2009 March 23 Whales on South Shore all day- start of the migration past Bermuda and the 18th match Print
Written by Andrew Stevenson   

It looks like the migration of whales from the Caribbean past Bermuda to their northern feeding grounds has begun, right on schedule. From before nine this morning to late this afternoon I've had phone calls to 77-SPOUT (777-7688) from people who have seen multiple whales breaching and 'carrying on' from Sonesta to Warwick Long Bay. The first call was from Nick Strong with a whale breaching off Southhampton Princess. Kelly Winter also saw 3-4 humpbacks close to shore, slowly moving away. I cycled over to Astwood Park and looked for whales around lunchtime. Although the winds were strong, they were from the north and the ocean off South Shore was calm. Unfortunately I had to replace my phone today and didn't get these phone messages until three this afternoon. I picked my daughter Elsa up from school, Camilla was already at the cottage waiting for us and Somers, my youngest daughter was having an outing with her girlfriend on the Railway Trail. We set off west on South Shore and when we reached Warwick Long Bay we pulled into the lay by to see if we could spot the whales ourselves. As soon as we had stopped, Gilbert Pitcher drove in behind us. He was one of the spectators who had phoned me earlier that day after seeing several whales just off the Sonesta Beach Hotel. He immediately pointed three whales out to us, a mile or so off shore now to the east, off Coral Beach. We watched them for a while as they progressed east. Looked like two adults and a calf; probably a three-month old calf judging by the baby puffs, with its mother and an escort. We left at almost five and drove home to Grape Bay and climbed the roof and soon spotted the three whales off Grape Bay Beach. The winds were from the north today, too high to go out to Sally Tuckers or Challenger, but in the lee of South Shore the whale watching was perfect.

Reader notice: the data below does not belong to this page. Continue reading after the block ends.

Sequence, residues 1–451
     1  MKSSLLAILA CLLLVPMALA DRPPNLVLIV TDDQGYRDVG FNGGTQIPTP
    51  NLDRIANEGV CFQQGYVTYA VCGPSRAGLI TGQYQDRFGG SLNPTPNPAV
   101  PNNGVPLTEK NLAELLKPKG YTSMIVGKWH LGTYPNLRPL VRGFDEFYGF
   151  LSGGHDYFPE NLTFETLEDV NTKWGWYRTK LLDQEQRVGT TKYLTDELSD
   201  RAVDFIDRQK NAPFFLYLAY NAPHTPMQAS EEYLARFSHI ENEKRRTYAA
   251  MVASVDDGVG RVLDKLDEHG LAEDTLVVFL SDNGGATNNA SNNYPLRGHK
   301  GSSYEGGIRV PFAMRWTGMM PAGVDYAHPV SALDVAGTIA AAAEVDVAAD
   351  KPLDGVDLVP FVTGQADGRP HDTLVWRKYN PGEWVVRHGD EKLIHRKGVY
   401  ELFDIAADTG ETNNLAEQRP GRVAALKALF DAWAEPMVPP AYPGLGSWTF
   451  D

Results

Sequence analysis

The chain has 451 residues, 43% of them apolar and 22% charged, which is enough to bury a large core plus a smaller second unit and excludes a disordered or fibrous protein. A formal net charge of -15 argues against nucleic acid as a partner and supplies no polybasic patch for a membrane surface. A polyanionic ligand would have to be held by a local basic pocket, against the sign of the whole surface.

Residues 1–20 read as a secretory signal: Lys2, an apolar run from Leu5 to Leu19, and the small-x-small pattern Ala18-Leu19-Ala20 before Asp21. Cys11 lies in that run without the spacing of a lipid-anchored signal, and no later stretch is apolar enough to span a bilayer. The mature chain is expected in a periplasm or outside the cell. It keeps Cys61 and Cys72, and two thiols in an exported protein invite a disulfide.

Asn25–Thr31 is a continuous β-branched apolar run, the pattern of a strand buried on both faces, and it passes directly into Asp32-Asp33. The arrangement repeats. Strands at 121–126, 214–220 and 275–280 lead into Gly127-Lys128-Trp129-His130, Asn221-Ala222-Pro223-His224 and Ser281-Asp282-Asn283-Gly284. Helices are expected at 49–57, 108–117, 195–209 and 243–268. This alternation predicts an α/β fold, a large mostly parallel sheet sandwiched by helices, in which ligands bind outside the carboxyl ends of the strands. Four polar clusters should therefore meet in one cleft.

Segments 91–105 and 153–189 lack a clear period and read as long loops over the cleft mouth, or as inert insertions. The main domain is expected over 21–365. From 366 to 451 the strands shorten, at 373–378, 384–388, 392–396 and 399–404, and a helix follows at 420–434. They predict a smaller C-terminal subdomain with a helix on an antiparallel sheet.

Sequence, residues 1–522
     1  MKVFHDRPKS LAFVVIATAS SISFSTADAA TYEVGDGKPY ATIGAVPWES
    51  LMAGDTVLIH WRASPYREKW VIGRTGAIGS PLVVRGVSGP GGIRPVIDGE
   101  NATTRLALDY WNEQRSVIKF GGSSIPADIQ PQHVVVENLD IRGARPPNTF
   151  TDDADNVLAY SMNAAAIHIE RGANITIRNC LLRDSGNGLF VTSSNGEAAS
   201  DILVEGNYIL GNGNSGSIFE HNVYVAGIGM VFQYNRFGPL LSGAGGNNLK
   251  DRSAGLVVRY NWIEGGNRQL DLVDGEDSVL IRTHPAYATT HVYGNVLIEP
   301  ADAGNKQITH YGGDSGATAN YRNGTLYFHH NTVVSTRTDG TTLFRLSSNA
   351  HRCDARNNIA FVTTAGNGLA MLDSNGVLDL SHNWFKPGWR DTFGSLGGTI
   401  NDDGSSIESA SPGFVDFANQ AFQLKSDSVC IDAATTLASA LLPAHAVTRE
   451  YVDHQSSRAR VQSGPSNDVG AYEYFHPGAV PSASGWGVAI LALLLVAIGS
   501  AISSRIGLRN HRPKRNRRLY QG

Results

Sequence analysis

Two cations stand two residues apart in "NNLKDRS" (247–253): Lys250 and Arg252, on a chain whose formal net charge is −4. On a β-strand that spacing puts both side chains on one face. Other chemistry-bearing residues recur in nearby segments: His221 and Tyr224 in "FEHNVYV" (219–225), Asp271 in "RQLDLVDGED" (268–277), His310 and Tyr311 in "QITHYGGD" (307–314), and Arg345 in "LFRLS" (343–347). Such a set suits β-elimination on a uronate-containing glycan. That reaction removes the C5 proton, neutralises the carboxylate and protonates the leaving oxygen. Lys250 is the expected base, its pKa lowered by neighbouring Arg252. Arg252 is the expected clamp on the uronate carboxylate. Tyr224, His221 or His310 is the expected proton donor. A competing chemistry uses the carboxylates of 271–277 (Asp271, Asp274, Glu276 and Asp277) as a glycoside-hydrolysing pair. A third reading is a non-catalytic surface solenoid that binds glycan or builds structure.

Here are some photos from the lay by at Warwick Long Bay of Gilbert Pitcher and Camilla Stringer, a photo of me taken by Elsa and of course, the irrepressible Elsa.


For more details about the entangled humpback calf go to 'Andrew's whale diary'

And hats off to Roger Etcheberry in St-Pierre et Miquelon who has found yet another match to our on-line catalogue of fluke ids. Below left was taken by P. Boez on 1st July 2005 in Bay Bulls, Newfoundland. The photo below right was taken by me on Silver Bank, Dominican Republic on the 30th of January 2008. Our catalogue number for this whale is 0023 1 dr 2008 01 30 as. His sharp eyes have also picked out a couple of flukes that are not the same on our catalogue, and two flukes that do belong to the same animal. I thank him for taking the time to go through these photos and letting us know. The appropriate changes have been made.


And this is from someone who has seen my whale videos on YouTube. Thanks for the reminder!

"Here's to the crazy ones, the misfits, the rebels, the troublemakers, the round pegs in the square holes, The ones who see things differently. They're not fond of rules, and they have no respect for the status quo. You can quote them, disagree with them, glorify or villify them. About the only thing you can't do is ignore them because they change things. They push the human race forward. And while some may see them as the crazy ones, I see genius. Because the ones who are crazy enough to think they can change the world are the ones who do." ~Jack Kerouac